By: Ray Fawkes & Jeff Lemire (story), Renato Guedes (art), Marcelo Maiolo (colors)
The Story: Never make friends with a man who wears a trenchcoat indoors.
The Review: When you hear discussion about John Constantine as reintroduced into the mainstream DCU, the word you most often hear to describe him is “neutered.” I confess that I’m probably the least appropriate to make a judgment on this point. I’ve barely read Hellblazer and my knowledge of Constantine lore is minimal at best. But I do know that in the Vertigo universe, he’s a much more cunning, canny, witty, and biting character than he is now.
Given the general dissatisfaction with Constantine’s portrayal in Justice League Dark, I’m not sure exactly what the people in charge at DC were thinking in choosing to release a solo ongoing featuring the antihero, especially written by the same duo responsible for the “neutered” image he has in his team book. That said, Fawkes-Lemire do bring a fairly different side of John to this title, one that provides a bridge between his Vertigo and JLD sides.
We’ve seen him be manipulative elsewhere, but only to the point where his teammates would refer to him as a “jerk,” which is hardly a compelling quality. Here, Fawkes-Lemire push that manipulative side much further, placing well over the borderline of appalling. The focus of the issue is on John convincing a poor, unwilling object of divination named Chris to tail him as he seeks out a magical artifact, with Chris in pain throughout from his supernatural condition. Ultimately, John uses Chris as a meat-shield on top of his precognitive talents, bartering the sap’s life to guarantee his own escape.
I can only hope that John doesn’t make a habit of this because just as in Avengers Arena, I won’t have the stomach to tolerate that kind of thing on a long-term basis, no matter how well it’s done. And I’m not sure it’s done all that well here, either. I mean, he literally makes no effort to help Chris at all at any point in this issue, which makes you wonder what exactly redeems his otherwise horrible behavior.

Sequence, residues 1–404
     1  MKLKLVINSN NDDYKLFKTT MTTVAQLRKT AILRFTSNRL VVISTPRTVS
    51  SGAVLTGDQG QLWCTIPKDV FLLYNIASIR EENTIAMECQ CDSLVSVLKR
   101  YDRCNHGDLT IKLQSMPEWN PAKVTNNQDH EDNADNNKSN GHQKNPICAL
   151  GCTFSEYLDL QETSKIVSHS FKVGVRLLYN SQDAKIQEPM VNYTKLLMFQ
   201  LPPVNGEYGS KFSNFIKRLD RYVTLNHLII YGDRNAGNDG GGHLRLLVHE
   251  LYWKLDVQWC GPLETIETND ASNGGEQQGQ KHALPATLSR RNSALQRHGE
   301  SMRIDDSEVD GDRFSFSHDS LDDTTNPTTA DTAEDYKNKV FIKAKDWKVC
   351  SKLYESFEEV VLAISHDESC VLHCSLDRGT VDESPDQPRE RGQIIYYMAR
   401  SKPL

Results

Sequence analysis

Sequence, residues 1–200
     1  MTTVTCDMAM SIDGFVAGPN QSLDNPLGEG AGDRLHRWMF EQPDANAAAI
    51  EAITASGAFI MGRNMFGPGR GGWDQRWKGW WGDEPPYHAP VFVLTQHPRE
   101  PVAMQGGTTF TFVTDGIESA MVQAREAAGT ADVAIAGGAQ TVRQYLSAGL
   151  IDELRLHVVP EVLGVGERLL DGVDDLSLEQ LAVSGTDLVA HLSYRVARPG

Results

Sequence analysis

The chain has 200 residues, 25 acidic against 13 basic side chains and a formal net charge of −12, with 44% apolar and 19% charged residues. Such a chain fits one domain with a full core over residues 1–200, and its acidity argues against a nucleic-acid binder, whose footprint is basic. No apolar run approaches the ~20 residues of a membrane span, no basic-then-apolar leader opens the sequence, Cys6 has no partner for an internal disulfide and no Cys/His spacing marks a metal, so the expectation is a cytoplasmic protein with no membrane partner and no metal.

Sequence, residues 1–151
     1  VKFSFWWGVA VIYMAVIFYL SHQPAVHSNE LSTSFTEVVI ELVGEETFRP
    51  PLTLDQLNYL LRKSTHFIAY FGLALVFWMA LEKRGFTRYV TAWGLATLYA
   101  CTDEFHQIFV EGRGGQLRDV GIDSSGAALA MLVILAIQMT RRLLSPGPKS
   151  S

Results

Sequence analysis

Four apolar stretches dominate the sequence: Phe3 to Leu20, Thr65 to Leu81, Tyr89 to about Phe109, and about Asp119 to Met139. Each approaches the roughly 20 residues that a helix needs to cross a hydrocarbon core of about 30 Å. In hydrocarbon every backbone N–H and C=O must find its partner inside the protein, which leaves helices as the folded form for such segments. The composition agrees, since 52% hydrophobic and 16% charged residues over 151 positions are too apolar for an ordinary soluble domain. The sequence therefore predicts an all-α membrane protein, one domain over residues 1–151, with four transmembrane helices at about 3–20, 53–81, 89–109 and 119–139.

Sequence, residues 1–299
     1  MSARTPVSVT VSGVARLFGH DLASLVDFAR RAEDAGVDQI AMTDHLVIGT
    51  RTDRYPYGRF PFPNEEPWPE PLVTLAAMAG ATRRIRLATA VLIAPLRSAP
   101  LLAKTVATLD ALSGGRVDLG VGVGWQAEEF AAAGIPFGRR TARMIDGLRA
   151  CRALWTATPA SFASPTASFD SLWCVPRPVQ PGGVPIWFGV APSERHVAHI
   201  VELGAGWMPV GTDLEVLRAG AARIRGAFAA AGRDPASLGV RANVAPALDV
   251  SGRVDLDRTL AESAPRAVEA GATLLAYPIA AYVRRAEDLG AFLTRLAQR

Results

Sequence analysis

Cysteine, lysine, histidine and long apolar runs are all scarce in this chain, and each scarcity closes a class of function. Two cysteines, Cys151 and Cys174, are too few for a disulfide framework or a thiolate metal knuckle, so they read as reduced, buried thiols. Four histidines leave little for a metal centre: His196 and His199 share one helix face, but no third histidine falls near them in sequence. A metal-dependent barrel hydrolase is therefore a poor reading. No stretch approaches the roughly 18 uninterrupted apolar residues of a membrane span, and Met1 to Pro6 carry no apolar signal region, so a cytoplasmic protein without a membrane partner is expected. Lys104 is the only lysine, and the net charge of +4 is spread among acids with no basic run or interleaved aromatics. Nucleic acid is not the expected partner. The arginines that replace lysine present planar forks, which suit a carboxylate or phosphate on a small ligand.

Fawkes-Lemire take their best shot with their tagline for this series: “Nearly destroyed by its temptations in his youth, John Constantine knows the price of magic’s corrupting influence. Now, he fights the battle to maintain balance and prevent anyone from becoming too powerful.” The question, of course, is why John’s so eminently suited for this task more than anyone else. Why should we trust that he won’t use powerful objects like the Compass to his own ends?
Still, John doesn’t actually ever set out to kill people, although he proves he’ll do so to protect himself. That’s at least one thing separating him from his enemies, who indeed seem to care for nothing more than attaining more power—which doesn’t make them all that impressive as antagonists, honestly. The Cult of the Cold Flame never piqued me to begin with in their first appearance in JLD #0, and seeing Jaimini Sargent, the new Sargon the Sorceress, as the cult’s leader does little to improve my opinion. As interested as I am that the cult was founded by the original Sargon, Zatara, Mister E, and Tannarak (as the first three men are traditionally forces of good in DC’s magical universe), there’s really not much else to get attached to.
Whatever this title turns out to be, at least you’ll get some rather nice art out of it. Guedes has a very fashionable approach that manages to be attractive enough to stand with DC’s other mainstream series, but also (with Maiolo’s dark palette of colors) has a little bit of an edge to support its supernatural cred. While he doesn’t resort purely to flashy crackles of multicolored electricity (a la Mikel Janin on JLD) for magical effects, he doesn’t evoke much mystery or spectacle either. However, looking at his title splash of Constantine’s basement office, full of knick-knacks, books, totem masks, a tank with some tentacled creature within, you do know that Guedes has the chops to make a great-looking occult book, if the script calls for it.
Conclusion: If you went into this series with a pessimistic outlook, I think this issue will best your low expectations, but it’s not clear if it does so in a good way or in a differently bad way.
- Minhquan Nguyen
Some Musings: - I really feel that it should’ve been a tad harder for John to find the first component of the Compass. He basically shows up to a hotel chapel, breaks open the altar, and pulls out the Needle. Really? It’s that easy?
Filed under: DC Comics, Reviews Tagged: | Constantine, Constantine #1, Constantine #1 review, DC, DC Comics, Giovanni Zatara, Jeff Lemire, John Constantine, Marcelo Maiolo, Ray Fawkes, Renato Guedes, Sargon, Sargon the Sorcerer, Zatara